There is a political factor as well. Relying on emergency imports from the US creates a dangerous level of dependence on the latest whims and interests of the White House, which no one can assure will always line up with Israel’s own interests. In addition, certain munitions, like Iron Dome interceptors, must be produced in Israel for strategic reasons. 

The size of the weapons stockpile on the eve of the war is more important than a country’s ability to import arms or produce them after the war breaks out. Domestic production will not be able to keep up with the rate of wartime usage. The key is to ensure that Israel can amass a substantial stockpile swiftly before the next lengthy war begins. 

The IDF’s Galilee Rose war drill, held in February 2021, simulating extensive air strikes on Hizbullah targets, highlights the scale of munitions required for a prolonged conflict. 

The exercise revealed that the Israeli Air Force would need to strike approximately 3,000 enemy targets every 24 hours, suggesting that in the first three weeks of a full-scale war against Hizbullah, the Air Force alone would likely require at least 60,000 air-to-ground munitions. A longer war could easily see that number rise to around 100,000. 

These numbers go far beyond what Israel was likely stockpiling on the eve of the October 7 Hamas attack, and serve as a reminder that it is too easy to underestimate how quickly ammunition runs out in lengthy wars. The fact that Israel required hundreds of US cargo flights and shipments of ammunition during the Gaza war is testament to the tendency to dangerously underestimate the length of wars.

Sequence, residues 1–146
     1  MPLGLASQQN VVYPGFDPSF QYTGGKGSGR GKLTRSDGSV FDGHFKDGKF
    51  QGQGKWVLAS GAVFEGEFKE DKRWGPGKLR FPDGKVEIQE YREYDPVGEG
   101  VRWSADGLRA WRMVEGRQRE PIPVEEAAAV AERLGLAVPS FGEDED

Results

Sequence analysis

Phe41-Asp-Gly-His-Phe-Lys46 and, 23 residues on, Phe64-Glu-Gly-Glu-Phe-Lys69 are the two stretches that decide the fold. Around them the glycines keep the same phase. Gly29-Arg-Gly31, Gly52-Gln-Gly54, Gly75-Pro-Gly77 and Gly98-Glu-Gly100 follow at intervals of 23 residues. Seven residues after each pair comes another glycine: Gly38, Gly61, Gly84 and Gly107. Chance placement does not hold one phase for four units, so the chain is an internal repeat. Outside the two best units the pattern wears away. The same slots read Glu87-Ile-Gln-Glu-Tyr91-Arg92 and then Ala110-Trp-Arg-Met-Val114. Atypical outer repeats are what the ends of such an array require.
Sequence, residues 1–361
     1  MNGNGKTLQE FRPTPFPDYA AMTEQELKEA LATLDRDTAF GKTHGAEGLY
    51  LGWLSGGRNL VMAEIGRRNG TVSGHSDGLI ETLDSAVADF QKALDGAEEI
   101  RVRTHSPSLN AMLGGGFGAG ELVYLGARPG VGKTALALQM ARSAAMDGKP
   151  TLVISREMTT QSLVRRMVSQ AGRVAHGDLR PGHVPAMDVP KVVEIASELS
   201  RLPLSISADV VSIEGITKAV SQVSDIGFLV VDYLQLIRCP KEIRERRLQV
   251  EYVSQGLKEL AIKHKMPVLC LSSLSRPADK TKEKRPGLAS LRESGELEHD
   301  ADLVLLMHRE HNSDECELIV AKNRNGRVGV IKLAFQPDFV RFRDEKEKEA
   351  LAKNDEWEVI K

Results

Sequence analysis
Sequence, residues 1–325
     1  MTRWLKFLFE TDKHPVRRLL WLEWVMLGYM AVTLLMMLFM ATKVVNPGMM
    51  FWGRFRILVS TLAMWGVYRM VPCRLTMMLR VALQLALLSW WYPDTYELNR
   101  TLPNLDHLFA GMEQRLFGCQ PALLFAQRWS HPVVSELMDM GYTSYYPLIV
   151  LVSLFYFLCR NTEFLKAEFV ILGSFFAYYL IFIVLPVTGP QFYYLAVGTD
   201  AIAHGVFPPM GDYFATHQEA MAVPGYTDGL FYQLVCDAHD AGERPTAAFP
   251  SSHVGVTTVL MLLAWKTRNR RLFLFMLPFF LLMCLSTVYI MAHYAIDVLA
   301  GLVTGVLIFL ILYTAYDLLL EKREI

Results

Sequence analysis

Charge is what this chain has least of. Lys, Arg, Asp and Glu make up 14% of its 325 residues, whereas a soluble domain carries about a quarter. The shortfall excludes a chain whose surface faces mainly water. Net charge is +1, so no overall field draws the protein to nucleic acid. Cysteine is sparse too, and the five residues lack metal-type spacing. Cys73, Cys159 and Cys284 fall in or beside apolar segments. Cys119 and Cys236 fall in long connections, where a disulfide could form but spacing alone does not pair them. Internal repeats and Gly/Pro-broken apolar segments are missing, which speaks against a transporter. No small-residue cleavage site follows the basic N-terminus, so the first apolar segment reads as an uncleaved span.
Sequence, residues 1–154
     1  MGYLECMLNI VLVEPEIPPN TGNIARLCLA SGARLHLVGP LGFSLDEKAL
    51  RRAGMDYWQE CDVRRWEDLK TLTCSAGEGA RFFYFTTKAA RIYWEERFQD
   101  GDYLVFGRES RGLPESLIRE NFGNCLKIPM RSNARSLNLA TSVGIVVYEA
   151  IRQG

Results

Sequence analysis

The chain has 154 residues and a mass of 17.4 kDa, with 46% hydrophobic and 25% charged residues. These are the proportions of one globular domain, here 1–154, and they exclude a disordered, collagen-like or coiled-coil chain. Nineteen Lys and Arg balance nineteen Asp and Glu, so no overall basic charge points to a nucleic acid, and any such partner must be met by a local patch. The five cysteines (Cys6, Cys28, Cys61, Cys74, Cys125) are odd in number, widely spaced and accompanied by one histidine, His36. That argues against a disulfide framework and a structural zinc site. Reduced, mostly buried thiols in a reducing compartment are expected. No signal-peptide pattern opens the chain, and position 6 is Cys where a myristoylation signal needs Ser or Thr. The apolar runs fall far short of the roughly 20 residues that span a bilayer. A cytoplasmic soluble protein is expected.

The scenario of a drawn-out conflict with Hizbullah means Israel must also stockpile food, medicine, and fuel, and ensure that every sector of the economy can function, meaning that government planners must look beyond military affairs, according to former Israeli intelligence officer Doron Tamir.

War in Ukraine

With a population of 45 million, Ukraine has demonstrated resilience and unity in the face of significant losses. The protracted conflict with Russia, which boasts a population of 150 million, underscores the importance of sustained military and economic efforts. Israel, with its smaller population and geographical size, must draw lessons from Ukraine’s endurance.

Russia was surprised by the length of the war that it launched, having falsely assessed that its initial February 2022 armored ground offensive, aimed at seizing Kyiv from the north and territories in the east, would quickly topple the Ukrainian state and force it into submission. 

As Russia’s tanks, armored personnel carriers, and trucks were destroyed in convoys targeted by anti-tank missiles on long roads, Moscow gradually realized that it would have to rearrange its entire economy, military, and international relations to remain in a lengthy war. 

Israel must be prepared for potentially simultaneous conflicts with Hizbullah and Iran, which could be triggered either by a strike on the Iranian nuclear program or by Iran joining a war in Lebanon. This kind of long war further underscores the need for readiness and preparation for worst-case scenarios. 

Yaakov Lappin
Yaakov Lappin is an analyst at the MirYam Institute, a research fellow at the Alma Center and a media analyst specializing in Israel’s defense establishment.